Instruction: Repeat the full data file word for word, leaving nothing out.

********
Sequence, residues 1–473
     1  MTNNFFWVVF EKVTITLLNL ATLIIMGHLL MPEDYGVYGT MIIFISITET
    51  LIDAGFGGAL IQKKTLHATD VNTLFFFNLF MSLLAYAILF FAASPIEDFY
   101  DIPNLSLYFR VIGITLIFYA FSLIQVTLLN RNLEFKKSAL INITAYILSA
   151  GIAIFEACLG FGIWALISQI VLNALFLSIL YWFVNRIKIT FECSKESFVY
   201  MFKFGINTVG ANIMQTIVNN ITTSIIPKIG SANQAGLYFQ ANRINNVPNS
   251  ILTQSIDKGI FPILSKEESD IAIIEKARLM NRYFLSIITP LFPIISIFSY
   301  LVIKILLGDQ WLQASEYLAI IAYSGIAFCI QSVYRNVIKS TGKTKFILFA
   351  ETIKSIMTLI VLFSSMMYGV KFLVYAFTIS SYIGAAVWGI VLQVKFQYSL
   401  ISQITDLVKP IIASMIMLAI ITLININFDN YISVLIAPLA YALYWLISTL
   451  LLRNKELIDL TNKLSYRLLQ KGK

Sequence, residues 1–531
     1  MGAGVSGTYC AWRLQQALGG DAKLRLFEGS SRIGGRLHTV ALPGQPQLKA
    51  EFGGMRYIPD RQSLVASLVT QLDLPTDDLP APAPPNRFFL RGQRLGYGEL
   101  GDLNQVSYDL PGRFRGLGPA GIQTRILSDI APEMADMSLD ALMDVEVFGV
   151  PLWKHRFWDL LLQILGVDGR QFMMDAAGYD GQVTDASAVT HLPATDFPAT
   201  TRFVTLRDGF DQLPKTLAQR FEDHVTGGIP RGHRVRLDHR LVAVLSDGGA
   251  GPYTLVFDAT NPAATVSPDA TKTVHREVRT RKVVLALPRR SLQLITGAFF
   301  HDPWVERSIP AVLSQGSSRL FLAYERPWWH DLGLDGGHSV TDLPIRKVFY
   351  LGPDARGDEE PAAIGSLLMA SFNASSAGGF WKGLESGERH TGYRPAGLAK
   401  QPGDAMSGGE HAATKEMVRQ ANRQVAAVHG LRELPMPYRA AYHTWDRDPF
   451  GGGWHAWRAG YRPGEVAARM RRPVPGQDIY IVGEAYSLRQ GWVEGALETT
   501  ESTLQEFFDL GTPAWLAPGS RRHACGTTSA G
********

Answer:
Sequence, residues 1–473
     1  MTNNFFWVVF EKVTITLLNL ATLIIMGHLL MPEDYGVYGT MIIFISITET
    51  LIDAGFGGAL IQKKTLHATD VNTLFFFNLF MSLLAYAILF FAASPIEDFY
   101  DIPNLSLYFR VIGITLIFYA FSLIQVTLLN RNLEFKKSAL INITAYILSA
   151  GIAIFEACLG FGIWALISQI VLNALFLSIL YWFVNRIKIT FECSKESFVY
   201  MFKFGINTVG ANIMQTIVNN ITTSIIPKIG SANQAGLYFQ ANRINNVPNS
   251  ILTQSIDKGI FPILSKEESD IAIIEKARLM NRYFLSIITP LFPIISIFSY
   301  LVIKILLGDQ WLQASEYLAI IAYSGIAFCI QSVYRNVIKS TGKTKFILFA
   351  ETIKSIMTLI VLFSSMMYGV KFLVYAFTIS SYIGAAVWGI VLQVKFQYSL
   401  ISQITDLVKP IIASMIMLAI ITLININFDN YISVLIAPLA YALYWLISTL
   451  LLRNKELIDL TNKLSYRLLQ KGK

Sequence, residues 1–531
     1  MGAGVSGTYC AWRLQQALGG DAKLRLFEGS SRIGGRLHTV ALPGQPQLKA
    51  EFGGMRYIPD RQSLVASLVT QLDLPTDDLP APAPPNRFFL RGQRLGYGEL
   101  GDLNQVSYDL PGRFRGLGPA GIQTRILSDI APEMADMSLD ALMDVEVFGV
   151  PLWKHRFWDL LLQILGVDGR QFMMDAAGYD GQVTDASAVT HLPATDFPAT
   201  TRFVTLRDGF DQLPKTLAQR FEDHVTGGIP RGHRVRLDHR LVAVLSDGGA
   251  GPYTLVFDAT NPAATVSPDA TKTVHREVRT RKVVLALPRR SLQLITGAFF
   301  HDPWVERSIP AVLSQGSSRL FLAYERPWWH DLGLDGGHSV TDLPIRKVFY
   351  LGPDARGDEE PAAIGSLLMA SFNASSAGGF WKGLESGERH TGYRPAGLAK
   401  QPGDAMSGGE HAATKEMVRQ ANRQVAAVHG LRELPMPYRA AYHTWDRDPF
   451  GGGWHAWRAG YRPGEVAARM RRPVPGQDIY IVGEAYSLRQ GWVEGALETT
   501  ESTLQEFFDL GTPAWLAPGS RRHACGTTSA G